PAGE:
“I think we have pushed the retail about as high as it will go on the take home,” Tabor said. “We are actually looking at alternatives for shifting…a little bit to Old Trapper, where we can get a little bit better of a price point out to the consumer. We can get product out there for $5.99 where we have to get $7.99 for Jack Link’s.”
Interestingly, the chain’s consumer demographics also dovetail with the shift toward Old Trapper, Tabor explained.
“One of the reasons we went with the product is this: being a member of the older generation myself, some of the jerky is a little bit tough to chew,” Tabor said. “We were looking for a softer chew and we found that in the Old Trapper product. We’re doing that to try and get the elderly back into it.”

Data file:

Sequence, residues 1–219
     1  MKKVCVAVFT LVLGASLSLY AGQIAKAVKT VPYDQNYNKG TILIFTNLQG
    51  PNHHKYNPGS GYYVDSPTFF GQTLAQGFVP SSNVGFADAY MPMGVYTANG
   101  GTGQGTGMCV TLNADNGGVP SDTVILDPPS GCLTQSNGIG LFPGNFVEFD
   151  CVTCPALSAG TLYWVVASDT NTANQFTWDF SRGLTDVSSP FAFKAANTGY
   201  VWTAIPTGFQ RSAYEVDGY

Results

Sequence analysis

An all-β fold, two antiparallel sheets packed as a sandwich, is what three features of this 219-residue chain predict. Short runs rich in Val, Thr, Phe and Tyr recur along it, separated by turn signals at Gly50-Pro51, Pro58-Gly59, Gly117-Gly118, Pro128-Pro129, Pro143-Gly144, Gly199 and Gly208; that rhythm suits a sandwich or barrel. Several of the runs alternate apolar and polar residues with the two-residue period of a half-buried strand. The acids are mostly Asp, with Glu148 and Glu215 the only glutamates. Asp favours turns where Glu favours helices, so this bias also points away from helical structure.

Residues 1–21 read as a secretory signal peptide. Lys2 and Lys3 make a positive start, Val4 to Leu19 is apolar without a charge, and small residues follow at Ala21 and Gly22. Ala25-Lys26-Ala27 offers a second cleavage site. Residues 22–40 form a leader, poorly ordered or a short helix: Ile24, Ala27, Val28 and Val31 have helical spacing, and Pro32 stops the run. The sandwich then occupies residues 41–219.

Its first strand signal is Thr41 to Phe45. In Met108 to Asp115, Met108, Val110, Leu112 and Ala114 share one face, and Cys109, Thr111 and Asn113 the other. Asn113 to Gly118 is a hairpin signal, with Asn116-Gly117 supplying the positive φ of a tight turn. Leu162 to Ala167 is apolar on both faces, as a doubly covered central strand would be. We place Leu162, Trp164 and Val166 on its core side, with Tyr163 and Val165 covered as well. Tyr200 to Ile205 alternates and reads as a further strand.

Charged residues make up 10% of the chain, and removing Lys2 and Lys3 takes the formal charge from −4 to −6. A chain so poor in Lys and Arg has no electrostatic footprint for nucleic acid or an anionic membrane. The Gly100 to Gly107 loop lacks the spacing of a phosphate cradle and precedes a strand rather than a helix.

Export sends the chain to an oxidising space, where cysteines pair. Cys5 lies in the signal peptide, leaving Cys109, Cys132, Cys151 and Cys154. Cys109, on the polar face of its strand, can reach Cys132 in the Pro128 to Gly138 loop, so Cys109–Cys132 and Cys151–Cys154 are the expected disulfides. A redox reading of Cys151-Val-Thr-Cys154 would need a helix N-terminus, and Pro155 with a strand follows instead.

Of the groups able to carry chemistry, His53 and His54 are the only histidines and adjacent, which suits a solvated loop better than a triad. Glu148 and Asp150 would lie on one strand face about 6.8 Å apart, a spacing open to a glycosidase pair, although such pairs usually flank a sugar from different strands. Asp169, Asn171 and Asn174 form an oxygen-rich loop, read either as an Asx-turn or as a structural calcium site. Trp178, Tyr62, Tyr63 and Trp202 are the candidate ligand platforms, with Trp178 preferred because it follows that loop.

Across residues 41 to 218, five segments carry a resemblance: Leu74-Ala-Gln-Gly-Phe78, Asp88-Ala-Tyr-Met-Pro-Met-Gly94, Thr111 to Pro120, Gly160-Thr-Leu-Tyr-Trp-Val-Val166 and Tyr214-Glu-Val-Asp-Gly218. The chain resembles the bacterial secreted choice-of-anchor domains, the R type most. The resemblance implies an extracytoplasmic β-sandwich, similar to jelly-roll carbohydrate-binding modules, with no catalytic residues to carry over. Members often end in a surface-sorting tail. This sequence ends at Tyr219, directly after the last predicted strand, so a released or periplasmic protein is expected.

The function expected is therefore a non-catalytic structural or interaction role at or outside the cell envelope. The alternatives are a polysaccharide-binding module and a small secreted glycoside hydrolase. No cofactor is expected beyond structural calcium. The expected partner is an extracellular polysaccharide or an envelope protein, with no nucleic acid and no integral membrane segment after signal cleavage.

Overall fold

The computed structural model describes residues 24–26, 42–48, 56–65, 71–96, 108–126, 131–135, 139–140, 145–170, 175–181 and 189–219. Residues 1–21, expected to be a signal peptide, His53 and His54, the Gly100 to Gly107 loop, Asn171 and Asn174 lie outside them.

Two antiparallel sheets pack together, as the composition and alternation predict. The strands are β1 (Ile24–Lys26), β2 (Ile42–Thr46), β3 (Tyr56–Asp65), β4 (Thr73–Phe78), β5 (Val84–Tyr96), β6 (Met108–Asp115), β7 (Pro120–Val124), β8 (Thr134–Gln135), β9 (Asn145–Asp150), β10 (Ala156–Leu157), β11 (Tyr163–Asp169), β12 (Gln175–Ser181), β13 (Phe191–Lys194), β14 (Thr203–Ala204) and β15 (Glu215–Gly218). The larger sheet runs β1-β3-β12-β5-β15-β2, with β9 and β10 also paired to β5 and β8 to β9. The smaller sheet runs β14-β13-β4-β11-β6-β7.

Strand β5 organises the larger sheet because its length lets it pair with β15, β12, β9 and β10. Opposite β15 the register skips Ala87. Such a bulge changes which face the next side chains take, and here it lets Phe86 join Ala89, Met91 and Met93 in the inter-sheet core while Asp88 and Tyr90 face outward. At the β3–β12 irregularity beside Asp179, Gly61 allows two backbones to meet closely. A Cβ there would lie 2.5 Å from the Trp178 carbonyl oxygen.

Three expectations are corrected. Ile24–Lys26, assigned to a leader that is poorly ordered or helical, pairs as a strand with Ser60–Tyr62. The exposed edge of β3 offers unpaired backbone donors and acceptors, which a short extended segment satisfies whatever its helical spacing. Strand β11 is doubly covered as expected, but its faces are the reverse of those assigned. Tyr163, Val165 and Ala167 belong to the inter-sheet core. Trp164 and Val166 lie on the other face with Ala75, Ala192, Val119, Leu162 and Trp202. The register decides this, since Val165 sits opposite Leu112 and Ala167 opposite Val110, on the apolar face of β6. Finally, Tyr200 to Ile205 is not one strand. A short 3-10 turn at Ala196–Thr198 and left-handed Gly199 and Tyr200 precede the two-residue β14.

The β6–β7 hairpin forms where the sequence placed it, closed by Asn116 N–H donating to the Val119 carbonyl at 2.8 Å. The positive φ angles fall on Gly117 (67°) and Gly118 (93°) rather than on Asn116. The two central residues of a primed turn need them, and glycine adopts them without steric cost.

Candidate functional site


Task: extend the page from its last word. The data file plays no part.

Younger consumers, on the other hand, are looking for a spicier, heavier flavor profile, he added. Gourmet meat snacks have thus far failed to pan out, Tabor said. “I’ve been presented with some higher-end lines, and primarily all I’m seeing is packaging differences and attempts to create an upscale image. I think down and dirty, in the convenience store industry Bubba still drives our business. And although Bubba likes shiny objects and packages, it won’t make him buy those.”
When it comes to managing the category, Pak-A-Sak seeks help from its supplier, Tabor explained.
“We go with the (direct store delivery) company because they have the expertise in the category. We pay a little more for the product but it takes the headache off our shoulders,” Tabor said. “I’d rather make 5% less and get more turns. You’ve got to admit that when you’re wearing a lot of hats and there’s somebody out there who might have a little more expertise than you do, you rely on his expertise—and you hold his feet to the fire.”